Building climate resilience in China and Britain

A China-UK forum shared knowledge on building climate resilience. Dr Anastasia Mylona reports

CIBSE was among sustainability experts from the UK and China who met recently to share knowledge on climate resilience and low carbon solutions in the built environment.

The China-UK Research and Innovation Forum, on the theme of ‘Urban built environments and thermal resilience under low carbon transition mode’, featured academics from Chinese and British universities. CIBSE was the only professional body invited to showcase its research on climate resilience. 

Experts from the UK included: Professor Tim Broyd, UCL; Professor Christopher Pain, Imperial College London; Professor Prashant Kumar, University of Surrey; Associate Professor Eugene Mohareb, University of Reading; and Visiting Professor Darren Woolf (chair of CIBSE’s Building Simulation Group) and Dr Katherine Roberts, both from the University of Cambridge.

The event was organised by professors Runming Yao and Baizhan Li, of Sustainable Development in the Building and Environment (SuDBE) at Chongqing University, the National Centre for International Research of Low carbon and Green Buildings, and the Joint International Research Laboratory of Green Building and Built Environments. 

I discussed the role of professional bodies in the translation and dissemination of academic research for industry and policy-makers. My presentation focused on the importance of climate adaptation, while also meeting net zero targets, in the design of buildings. I described the use of the adaptive comfort model (TM52) and CIBSE future weather profiles in the assessment of overheating in buildings.

Sustainable cooling

Other themes from the UK delegation included the role of AI in computational and data analysis to inform urban and building design decisions (Pain), the role of cross disciplinary collaborations, and the importance of systems design and whole life assessment (Broyd).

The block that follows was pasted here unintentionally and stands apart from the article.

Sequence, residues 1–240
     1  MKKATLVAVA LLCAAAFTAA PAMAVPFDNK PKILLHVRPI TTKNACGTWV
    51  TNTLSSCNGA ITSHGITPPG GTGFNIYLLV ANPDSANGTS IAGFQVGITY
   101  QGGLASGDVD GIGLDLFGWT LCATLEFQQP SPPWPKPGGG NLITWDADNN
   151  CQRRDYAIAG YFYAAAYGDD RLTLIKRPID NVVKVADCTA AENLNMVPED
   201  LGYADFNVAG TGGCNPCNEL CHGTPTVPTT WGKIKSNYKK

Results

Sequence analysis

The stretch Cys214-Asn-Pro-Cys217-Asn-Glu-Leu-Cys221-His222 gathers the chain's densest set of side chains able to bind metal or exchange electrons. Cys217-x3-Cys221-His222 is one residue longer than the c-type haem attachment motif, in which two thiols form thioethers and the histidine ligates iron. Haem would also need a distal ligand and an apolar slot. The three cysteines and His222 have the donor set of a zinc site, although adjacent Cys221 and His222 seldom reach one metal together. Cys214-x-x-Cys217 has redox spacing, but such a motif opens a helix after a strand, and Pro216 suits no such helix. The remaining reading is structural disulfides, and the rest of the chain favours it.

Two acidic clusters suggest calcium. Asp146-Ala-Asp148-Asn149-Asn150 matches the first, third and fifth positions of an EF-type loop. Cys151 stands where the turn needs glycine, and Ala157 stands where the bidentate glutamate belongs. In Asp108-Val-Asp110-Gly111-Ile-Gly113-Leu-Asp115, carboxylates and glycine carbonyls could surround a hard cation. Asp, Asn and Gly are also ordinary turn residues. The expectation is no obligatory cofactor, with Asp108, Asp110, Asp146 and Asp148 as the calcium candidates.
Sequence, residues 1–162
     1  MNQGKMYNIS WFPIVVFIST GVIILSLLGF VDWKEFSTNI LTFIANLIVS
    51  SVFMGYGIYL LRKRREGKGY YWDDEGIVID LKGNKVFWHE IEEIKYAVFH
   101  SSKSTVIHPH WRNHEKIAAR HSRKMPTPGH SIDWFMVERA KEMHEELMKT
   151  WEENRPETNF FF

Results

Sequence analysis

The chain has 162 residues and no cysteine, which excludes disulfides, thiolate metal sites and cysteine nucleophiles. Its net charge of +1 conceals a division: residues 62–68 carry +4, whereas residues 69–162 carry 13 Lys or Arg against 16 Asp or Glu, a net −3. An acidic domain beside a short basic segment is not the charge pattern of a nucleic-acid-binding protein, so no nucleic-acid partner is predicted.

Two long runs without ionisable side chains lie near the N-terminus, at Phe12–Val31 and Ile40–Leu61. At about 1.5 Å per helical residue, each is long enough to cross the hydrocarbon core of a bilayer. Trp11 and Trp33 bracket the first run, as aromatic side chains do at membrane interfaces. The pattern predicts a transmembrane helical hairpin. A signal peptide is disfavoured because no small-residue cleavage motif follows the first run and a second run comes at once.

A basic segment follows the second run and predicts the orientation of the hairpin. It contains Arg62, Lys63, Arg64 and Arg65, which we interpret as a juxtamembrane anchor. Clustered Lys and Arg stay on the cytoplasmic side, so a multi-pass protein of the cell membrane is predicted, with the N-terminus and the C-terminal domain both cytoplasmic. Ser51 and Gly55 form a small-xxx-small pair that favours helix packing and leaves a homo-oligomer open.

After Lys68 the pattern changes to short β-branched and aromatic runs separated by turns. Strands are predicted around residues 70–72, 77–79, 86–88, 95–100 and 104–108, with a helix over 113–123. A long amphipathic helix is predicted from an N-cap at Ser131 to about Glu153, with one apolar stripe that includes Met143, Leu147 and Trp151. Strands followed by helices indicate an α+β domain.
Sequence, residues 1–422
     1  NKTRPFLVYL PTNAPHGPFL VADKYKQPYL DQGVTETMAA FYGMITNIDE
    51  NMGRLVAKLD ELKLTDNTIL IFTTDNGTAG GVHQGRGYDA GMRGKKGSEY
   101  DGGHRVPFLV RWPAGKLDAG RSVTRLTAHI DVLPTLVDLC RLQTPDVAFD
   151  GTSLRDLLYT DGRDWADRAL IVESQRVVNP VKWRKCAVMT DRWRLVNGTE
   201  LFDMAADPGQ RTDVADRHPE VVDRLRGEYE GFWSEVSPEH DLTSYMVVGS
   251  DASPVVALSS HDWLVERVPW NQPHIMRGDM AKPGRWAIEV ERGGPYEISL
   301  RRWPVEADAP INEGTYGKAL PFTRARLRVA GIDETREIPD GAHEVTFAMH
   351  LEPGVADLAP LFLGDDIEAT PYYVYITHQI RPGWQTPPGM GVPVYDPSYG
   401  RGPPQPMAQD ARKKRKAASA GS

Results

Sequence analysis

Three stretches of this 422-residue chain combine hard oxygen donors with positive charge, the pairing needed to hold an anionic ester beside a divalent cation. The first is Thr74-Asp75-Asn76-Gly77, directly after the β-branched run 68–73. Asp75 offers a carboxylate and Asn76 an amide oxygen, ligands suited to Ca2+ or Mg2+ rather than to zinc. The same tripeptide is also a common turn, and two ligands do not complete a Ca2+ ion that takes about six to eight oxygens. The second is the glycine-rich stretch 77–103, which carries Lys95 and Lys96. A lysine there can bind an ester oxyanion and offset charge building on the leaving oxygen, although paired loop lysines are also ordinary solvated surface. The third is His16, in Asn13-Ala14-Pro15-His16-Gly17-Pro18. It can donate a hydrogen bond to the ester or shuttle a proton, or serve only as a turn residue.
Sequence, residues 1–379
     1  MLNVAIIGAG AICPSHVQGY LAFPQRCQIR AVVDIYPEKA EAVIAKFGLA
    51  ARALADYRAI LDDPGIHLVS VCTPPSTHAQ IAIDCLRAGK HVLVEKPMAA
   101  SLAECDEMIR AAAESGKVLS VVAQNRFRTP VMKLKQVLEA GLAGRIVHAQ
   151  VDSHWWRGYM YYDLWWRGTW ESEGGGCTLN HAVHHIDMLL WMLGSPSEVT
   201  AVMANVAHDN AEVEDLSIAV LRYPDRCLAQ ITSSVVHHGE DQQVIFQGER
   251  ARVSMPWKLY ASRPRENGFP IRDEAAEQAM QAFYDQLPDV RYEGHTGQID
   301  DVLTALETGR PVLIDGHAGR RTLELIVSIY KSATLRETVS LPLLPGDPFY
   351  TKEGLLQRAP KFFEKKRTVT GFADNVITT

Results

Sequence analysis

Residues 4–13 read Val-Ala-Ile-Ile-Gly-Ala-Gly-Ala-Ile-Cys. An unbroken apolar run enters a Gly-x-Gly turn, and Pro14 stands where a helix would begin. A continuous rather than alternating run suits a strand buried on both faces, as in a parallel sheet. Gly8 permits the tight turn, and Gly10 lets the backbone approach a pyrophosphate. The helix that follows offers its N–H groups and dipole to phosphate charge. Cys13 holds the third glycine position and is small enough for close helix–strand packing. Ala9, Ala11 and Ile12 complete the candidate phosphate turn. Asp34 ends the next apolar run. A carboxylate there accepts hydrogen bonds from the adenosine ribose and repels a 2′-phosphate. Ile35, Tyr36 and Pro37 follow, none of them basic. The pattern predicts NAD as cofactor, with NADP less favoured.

The impact of green infrastructure on indoor and outdoor environments (Kumar) and retrofit decisions with occupant satisfaction and biodiversity in mind (Mohareb) were highlighted by UK experts. Woolf and Roberts discussed the role of natural ventilation and urban morphology in cities.

While the British experts discussed passive urban and building design solutions, the Chinese experts – perhaps not surprisingly – focused on sustainable cooling systems, such as reversible heat pumps and radiant panels (Professor Borong Lin, Tsinghua University), renewable technologies, and indoor and localised environmental controls. 

In a warming climate, the topic of sustainable cooling solutions will become more relevant in the coming years in the UK, and collaborations between the two countries could be beneficial. 

Chong Meng (director at China Academy of Building Research) presented the Chinese government’s Healthy China 2030 programme, which aims to improve public health outcomes by addressing challenges such as chronic and infectious diseases, and environmental health hazards. Professor Haidong Kan (Fudan University) looked at the impact of poor air quality and high temperatures on people’s health and productivity. He said higher accident rates, suicides and incidents of violence have been recorded as a result of higher temperatures.

On the second day of the forum, the SuDBE team ran a workshop on building resilience. The most effective solutions suggested by the joint panel to address urban-scale thermal resilience were: blue-green infrastructure; reflective material/cool roofs; urban morphology to enable urban ventilation; human behaviour/adaptation and cultural changes; and resilient infrastructure.

The solutions to address building-scale thermal resilience were split between the two groups with the UK group suggesting: passive design; whole-life thinking; energy demand management and renewable generation; and occupant behaviour and education.

The Chinese group came up with: passive design; active design: controls/system design/system efficiency; renewable energy and electricity storage/local use. The two-day event established an international network of experts, encouraged the open exchange of ideas, and generated a lot of possibilities for further collaborations. The group will work together to put forward projects, and CIBSE will benefit from the research produced by these collaborations, to develop guidance and tools for its members and the wider industry.